While I was in missouri, the well got drilled. It does not look like much, but it is an expensive 120 foot tube into the earth. The next step is to get the pump and pressure tank put in. All of my turkeys are out on pasture so I figured I would include a short video of them responding to me when I was out to feed them the other day. Tomorrow holds, more dental work, adding a trailer wiring harness to my grandfather's old pick-up, moving the last batch of broiler chickens outside, picking-up a shallow trencher to bury the electricity that needs to go to the well pump and pressure tank. If that all gets done, then I will be a happy guy. Wish me luck.

Saturday, September 12, 2009

Powerflex Fence Customer Appreciation

As I write this, I am headed back from Powerflex Fence customer appreciation day after spending the night in Jefferson City. This company is located in the Ozark region of MIssouri. The are know for there fence posts, which is a fiberglass and wood composite that does not conduct electricity, is very flexible, can be driven by post whole driver and has a 15 year warranty. Let us just say I bought a few, and some water line, energizer, step in posts, reals and braided poly twine, and a few other things.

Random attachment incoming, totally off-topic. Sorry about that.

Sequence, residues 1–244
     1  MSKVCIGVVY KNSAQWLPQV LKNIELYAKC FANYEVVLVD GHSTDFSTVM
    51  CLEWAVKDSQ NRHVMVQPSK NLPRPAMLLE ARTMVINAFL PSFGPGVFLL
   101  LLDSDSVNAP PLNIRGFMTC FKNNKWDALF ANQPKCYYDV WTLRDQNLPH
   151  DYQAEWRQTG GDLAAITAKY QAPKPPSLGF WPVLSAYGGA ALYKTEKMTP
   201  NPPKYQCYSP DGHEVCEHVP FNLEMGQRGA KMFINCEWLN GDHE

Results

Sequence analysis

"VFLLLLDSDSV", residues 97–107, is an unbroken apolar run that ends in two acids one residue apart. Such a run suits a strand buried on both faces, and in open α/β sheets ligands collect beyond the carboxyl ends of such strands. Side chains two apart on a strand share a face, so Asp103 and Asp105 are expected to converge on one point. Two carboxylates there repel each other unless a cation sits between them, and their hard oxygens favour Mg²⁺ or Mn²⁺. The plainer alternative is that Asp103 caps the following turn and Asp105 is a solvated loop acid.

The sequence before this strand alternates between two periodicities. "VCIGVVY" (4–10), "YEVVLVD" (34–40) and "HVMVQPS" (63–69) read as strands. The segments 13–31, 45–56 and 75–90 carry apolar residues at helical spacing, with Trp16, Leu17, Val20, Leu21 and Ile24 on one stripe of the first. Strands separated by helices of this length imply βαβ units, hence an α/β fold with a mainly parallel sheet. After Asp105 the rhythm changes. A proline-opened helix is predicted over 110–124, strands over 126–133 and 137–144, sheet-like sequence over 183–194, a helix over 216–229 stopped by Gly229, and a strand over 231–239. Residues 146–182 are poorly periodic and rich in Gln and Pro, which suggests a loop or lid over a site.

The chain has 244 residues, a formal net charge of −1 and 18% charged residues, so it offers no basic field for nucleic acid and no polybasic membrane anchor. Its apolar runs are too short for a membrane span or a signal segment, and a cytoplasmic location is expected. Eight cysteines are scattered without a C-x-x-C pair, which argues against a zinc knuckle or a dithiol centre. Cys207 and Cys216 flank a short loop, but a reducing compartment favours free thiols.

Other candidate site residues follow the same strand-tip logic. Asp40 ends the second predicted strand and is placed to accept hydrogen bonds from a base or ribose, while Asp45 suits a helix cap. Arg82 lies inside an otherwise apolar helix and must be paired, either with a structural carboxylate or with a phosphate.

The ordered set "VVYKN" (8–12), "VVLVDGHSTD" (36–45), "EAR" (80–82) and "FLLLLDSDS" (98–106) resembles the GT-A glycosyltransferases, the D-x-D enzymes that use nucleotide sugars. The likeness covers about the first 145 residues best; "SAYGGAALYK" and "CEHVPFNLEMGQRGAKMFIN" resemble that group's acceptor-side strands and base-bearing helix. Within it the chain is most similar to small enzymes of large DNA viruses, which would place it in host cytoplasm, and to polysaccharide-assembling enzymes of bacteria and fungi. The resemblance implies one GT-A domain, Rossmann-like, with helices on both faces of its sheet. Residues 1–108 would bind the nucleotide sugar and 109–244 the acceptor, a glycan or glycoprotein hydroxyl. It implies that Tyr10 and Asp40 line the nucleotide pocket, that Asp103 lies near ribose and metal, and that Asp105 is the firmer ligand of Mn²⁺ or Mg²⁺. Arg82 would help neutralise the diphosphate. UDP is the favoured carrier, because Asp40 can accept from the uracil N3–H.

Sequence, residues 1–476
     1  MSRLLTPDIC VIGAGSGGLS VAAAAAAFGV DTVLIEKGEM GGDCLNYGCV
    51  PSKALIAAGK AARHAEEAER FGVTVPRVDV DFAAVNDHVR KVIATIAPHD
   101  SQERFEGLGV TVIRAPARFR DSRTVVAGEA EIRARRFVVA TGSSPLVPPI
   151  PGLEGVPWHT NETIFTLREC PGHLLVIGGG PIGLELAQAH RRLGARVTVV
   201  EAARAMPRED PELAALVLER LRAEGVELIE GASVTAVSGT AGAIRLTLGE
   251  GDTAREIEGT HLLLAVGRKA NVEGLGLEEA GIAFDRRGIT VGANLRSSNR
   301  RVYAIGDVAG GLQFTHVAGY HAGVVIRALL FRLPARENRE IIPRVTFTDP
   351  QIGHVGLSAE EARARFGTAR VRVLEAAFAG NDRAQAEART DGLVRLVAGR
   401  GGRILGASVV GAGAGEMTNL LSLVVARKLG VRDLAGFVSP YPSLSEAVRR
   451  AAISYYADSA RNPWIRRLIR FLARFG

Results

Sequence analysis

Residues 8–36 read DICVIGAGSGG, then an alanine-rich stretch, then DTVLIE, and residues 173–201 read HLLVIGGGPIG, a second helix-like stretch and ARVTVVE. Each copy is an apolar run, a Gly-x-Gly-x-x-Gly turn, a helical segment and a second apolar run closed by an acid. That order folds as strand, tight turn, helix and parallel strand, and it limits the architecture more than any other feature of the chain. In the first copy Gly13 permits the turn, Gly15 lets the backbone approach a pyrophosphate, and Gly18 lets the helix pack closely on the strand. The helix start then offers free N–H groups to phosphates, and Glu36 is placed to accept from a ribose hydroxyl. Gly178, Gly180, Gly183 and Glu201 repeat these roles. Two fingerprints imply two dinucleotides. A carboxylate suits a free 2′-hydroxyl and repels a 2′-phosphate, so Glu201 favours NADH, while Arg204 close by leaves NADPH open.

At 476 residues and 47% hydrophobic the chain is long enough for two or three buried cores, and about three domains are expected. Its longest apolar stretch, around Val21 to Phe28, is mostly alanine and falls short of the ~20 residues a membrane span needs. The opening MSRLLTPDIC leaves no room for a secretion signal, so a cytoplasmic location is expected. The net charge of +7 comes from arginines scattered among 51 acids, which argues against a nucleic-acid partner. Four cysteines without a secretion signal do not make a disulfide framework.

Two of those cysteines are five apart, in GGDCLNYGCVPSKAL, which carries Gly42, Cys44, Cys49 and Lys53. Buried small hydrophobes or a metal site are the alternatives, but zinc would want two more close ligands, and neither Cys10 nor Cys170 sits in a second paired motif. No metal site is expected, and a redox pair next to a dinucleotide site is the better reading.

One of the highlights of the day was being around a handful of grazers with experience in mob grazing or high density short duration grazing. There are not many folks with this experience so to get a handful in one space was priceless. I really enjoyed sitting next to Greg Judy while everyone was asking questions and just taking notes. I have included a picture of Greg Judy giving a presentation at the end of the day. My world view did not radically change, but the new paradigm that is being built in my mind is firming up and I am gaining the practical skills and bits of information to actually think about implementing it. I am convinced that what we learned in college about forage management must be changed. We are doing it wrong. We are not allowing grass to regrow fully between grazing events, we are not building soil, and we are not even beginning to reach the potential charring capacity of our land. I will find a producer who has dry cows to graze next spring and we will begin to reawaken our soil on the places I have not yet been able to have animals.

Friday, September 4, 2009


This morning, the world lost a good and caring man with the passing of Harlan Witt Jr.